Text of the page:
e-MDs Billing: Patient Collections, How To Collect Once Insurance Has Paid

e-MDs Billing: Patient Collections, How To Collect Once Insurance Has Paid

It’s a tricky business.  Most of the practices that bring us on board don’t have a formalized process.  There are two pieces to the puzzle.  The first is collecting from the patient on the date of service.  We have a three part series on best practices for this phase here.  The other area where practices tend to have gaps in the process is once insurance has paid.  We’ll take a high level look at how to tackle this issue today.

#1 Create a Worklist in the Collections Module

Log into Bill.  Find the “Collections” button with the hammer icon.

Create a new Worklist using the filters described in this PDF:

Once you click save you are now able to see what is owed from each guarantor and work those claims efficiently.

The main goal here is to check each balance to make sure the patient owes what you are billing them for.  If they don’t, you’re potentially committing insurance fraud.  Once you’ve completed this process (and it could take quite a bit of time if it hasn’t been done before or recently), move on to step 2


#2 Send Statements to Patients

Smaller practices will often print these directly from e-MDs. (Fill out the contact form below if you need help with this process)

Other practices upload their statement files to their clearinghouse.  The clearinghouse then prints, folds, and mails the statements for you on nice statement format with the practice’s name at the top.  Neat!

Again, this process should be done only once you’ve determined the correct amount that the patient owes.

#3 Determine Your Follow Up Process

Every practice is unique in terms of how they want to proceed once they have sent out the first statement and a set period of time (most practice use 30 days) has passed without payment or contact.  Here are the most popular ones we see:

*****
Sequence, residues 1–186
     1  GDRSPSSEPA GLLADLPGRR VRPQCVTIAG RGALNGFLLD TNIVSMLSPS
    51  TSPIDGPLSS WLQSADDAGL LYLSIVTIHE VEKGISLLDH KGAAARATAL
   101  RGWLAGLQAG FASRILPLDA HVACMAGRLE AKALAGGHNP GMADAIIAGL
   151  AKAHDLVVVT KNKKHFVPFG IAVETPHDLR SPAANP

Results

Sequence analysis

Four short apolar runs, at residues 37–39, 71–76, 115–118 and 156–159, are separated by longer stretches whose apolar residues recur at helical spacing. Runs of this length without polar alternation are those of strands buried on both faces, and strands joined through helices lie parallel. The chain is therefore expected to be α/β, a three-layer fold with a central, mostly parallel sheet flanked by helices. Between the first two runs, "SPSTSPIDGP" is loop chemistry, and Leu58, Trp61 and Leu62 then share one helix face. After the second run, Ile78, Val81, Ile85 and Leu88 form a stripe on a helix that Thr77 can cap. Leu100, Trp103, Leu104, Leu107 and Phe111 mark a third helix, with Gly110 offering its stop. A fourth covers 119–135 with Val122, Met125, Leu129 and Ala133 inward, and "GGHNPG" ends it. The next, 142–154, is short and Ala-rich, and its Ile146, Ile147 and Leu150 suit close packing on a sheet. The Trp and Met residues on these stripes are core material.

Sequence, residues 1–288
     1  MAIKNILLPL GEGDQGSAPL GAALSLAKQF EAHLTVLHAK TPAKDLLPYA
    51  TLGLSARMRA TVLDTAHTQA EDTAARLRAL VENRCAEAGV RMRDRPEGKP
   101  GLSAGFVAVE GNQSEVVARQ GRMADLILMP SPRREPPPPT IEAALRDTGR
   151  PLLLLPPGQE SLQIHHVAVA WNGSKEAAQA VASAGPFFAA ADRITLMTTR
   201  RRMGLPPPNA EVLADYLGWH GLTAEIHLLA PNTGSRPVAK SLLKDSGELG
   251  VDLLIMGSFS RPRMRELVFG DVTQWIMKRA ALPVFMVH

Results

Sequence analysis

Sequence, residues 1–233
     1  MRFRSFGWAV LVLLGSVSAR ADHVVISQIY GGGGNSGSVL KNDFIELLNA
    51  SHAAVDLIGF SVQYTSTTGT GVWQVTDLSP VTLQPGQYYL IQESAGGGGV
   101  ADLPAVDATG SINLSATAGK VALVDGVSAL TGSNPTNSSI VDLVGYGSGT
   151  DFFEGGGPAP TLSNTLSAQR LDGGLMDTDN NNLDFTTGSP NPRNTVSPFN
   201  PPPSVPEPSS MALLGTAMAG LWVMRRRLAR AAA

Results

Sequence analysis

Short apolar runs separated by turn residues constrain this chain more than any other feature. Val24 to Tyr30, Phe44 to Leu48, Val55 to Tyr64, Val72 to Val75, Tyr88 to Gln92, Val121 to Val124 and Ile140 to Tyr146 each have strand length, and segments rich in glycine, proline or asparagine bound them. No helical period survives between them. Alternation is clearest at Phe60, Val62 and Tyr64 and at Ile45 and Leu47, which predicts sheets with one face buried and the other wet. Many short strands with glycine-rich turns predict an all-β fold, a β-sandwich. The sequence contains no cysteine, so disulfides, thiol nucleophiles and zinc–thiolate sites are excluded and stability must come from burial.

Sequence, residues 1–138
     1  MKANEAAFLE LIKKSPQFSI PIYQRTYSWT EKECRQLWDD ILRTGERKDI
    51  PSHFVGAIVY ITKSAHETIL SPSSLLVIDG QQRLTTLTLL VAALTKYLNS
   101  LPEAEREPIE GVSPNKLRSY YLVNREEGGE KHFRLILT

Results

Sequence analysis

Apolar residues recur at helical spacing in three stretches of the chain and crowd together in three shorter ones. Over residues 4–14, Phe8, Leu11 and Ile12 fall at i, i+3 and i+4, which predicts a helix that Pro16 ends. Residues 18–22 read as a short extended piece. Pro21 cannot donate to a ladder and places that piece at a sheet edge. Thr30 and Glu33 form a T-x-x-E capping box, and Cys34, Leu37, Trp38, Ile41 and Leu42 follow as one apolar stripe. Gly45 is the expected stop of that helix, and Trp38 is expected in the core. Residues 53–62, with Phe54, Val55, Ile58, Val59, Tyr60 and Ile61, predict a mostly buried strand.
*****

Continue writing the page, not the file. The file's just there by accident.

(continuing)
1. Send second statement and a separate letter sternly requesting payment with potential to send patient to collections agency and resign from care. You can build your letters inside notice processor.
  2. Send another statement and a separate letter politely requesting payment (put statement hold on)
  3. Send a second statement


#4 Execute Your Process

Follow up using the process you selected.  Document your actions in the “visit notes’ portion of the invoice for each action taken.

#5 Rinse and Repeat!

At this point, if you haven’t heard from your patient regarding their balance during your next pre-defined time period, it’s time to step things up a bit.  Here’s a probable next course of action for each of the scenarios from step #3:

  1. Gather balances and contact your preferred collections agency to start the 3rd party collections process. Send letter resigning from care with 30 days emergency care provided.
  2. Send a second letter sternly requesting payment with potential to send patient to collections agency
  3. Place account on a statement hold, send friendly letter politely requesting payment.

Again, you’ll want to document each step taken along the way in the invoice notes section of the invoices in question.  Keep in mind that each month, you start back with step 1 to capture any new outstanding patient balances.  Take that set of new balances and follow them through the process as well.

This is a high-level view of the sample processes that most of our practices use.  There is obviously a great deal of details that we’ve left out of this article.  For more information, or training in these areas, please fill out our contact form below.  Thanks for reading and continued success!!



It’s our pleasure to provide these e-MDs tips and tricks to you.  As always, let us know if we can be of assistance to your practice by filling out the contact form below.

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Solor is a specialized third party medical billing company for e-MDs® Practices.  e-MDs® is a registered trademark of e-MDs Inc.  e-MDs Inc. is not affiliated with Solor, Inc., our products, services, or website.  Additional legal disclaimer here:  http://wp.me/P7cvJE-kI

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